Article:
28 Comments

  • Andrew says:

    Great article. I known this first hand as well. Also just recently seen the reverse where the company wouldn’t follow the recommendations put to them to modernise their platforms and the writing is nor well and truly on the wall for them.

  • Pete Dashwood says:

    It isn’t complacency that makes ME resist upgrades; it is the fact that I am in the middle of a critical development, my system gets “upgraded” and suddenly, nothing works… When we have rollouts that can be trusted, when updates DON’T cause problems for developers, THEN I’ll gladly embrace something new. (I started writing COBOL decades ago on mainframes and have progressed to C# and Java on the Network, but I have deliberately deferred going into mobile development because the platforms are too flaky and the returns are poor.)

  • Mukesh Kumar says:

    Such a awesome article. Really like the idea of putting emotions of every party in an elegant way. Yeah, this is the truth that seniors or people with consistent experience of some technology are always in denial mode. Because they’ve learned something over the period of time. So, if their learning is being declared as outdated and they are asked to upgrade themselves, indeed, they’ll find it painful and to some heartbreaking. We should focus on a middle way that can actually help them becoming more adaptive towards changes rather than becoming resistive. Change in development and delivery process is required along with learning aspects.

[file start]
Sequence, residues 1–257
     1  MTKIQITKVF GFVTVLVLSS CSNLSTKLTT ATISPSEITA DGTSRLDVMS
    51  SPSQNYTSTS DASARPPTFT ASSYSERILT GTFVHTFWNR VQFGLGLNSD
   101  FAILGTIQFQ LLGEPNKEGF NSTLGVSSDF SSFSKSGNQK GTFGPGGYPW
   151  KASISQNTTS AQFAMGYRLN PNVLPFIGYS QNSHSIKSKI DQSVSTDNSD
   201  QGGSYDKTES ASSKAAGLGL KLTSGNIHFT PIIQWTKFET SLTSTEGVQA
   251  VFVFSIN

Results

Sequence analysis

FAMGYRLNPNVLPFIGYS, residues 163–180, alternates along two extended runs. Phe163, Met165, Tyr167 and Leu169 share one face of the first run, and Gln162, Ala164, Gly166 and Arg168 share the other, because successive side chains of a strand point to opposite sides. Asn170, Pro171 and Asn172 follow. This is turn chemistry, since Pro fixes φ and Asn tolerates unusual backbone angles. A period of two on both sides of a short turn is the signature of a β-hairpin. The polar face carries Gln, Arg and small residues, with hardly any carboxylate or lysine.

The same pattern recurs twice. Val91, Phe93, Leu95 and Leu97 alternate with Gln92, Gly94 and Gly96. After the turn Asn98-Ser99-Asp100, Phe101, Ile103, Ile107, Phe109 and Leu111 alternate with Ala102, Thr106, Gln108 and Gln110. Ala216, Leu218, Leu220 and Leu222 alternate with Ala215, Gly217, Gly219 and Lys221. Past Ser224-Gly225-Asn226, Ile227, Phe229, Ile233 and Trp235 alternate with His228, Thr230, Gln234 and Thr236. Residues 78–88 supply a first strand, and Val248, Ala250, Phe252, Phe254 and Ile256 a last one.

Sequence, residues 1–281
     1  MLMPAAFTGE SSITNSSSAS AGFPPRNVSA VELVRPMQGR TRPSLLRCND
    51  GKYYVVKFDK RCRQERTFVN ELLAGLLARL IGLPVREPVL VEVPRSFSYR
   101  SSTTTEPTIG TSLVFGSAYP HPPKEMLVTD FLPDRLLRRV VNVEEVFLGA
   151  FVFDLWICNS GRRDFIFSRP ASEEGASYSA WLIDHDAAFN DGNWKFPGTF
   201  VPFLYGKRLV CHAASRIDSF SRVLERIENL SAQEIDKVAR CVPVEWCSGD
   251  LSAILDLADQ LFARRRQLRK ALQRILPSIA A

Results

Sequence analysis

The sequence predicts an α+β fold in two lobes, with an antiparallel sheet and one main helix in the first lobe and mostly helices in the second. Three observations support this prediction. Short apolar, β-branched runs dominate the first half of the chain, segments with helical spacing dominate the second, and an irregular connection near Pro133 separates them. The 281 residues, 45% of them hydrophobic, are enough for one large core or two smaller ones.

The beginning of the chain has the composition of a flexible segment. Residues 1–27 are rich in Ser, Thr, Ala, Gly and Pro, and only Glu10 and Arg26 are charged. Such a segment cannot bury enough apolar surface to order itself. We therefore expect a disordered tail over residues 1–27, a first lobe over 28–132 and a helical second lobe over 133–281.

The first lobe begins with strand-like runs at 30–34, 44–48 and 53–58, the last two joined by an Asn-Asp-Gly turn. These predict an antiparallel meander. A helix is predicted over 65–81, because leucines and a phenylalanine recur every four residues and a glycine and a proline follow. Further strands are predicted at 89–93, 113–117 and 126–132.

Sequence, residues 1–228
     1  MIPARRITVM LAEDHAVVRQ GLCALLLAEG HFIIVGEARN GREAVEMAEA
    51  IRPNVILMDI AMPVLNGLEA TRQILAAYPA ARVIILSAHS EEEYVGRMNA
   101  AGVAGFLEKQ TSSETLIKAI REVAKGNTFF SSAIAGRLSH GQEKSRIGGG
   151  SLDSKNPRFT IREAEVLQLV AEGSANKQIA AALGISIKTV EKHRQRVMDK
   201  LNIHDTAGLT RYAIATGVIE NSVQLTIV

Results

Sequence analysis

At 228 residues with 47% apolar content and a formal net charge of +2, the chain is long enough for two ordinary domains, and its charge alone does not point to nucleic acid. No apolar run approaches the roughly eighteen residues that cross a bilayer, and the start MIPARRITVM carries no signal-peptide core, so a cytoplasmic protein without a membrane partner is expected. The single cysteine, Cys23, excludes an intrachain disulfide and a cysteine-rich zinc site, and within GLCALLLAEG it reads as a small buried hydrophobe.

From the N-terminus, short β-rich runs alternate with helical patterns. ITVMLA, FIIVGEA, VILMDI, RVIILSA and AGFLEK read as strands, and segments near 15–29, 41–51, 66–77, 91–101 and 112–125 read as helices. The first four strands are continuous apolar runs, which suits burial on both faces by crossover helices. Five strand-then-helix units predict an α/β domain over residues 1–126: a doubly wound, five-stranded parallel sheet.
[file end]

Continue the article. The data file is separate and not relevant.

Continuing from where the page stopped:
• steve says:

    YES!!
    Lets all jump on the bandwagon for THE NEXT BIG THING….

    Just PROVE to me first that it isn’t all fanboy smoke and mirrors.. please?

  • NoWay says:

    Please … what are you – 12 years old? The development of trained, experienced human capital and the costs in time and money of sales and attainment of market share will ALWAYS have a different cradle-to-grave life-cycle overlay than new languages and development kits, that come out every 2 weeks. It will take you years to develop a ‘bigger picture’ view – put those years in, before espousing ‘expert’ advice.

  • Brad Stevens says:

    Its not complacency, it’s not having the resorted to do the regression testing, the security testing, and it’s venot s dumping relatively untested products on the market and blaming complacency insteadof their own ineptitude for not getting acepted by the industry.

  • Greg says:

    except everything new…. on the last (almost 10 years) are 1 step forward… and 2 backwards… specially regarding resource abuse… and disrespect with programmers that learned how to control the machine… and are now expected to be controlled by the machine more than never… with sooo much constrained and limited behaviors… designed to help the masses that are programming illiterates… is like changing all olympic rules to integrate people with disabilities to be able to compete on regular class… a total absurd…

  • doug_b says:

    Yawn. After the product is ported / massaged / rewritten – you still have the same app. I’ve been in this profession for 46 years – the upgrades are the biggest racket and waste of time there is. Now excuse me while I go back and learn my 29th programming language – that will be better than all the others that I know.

  • stevev says:

    As a “legacy developer” myself, you have to look at all those new technologies that are in the trash heap today.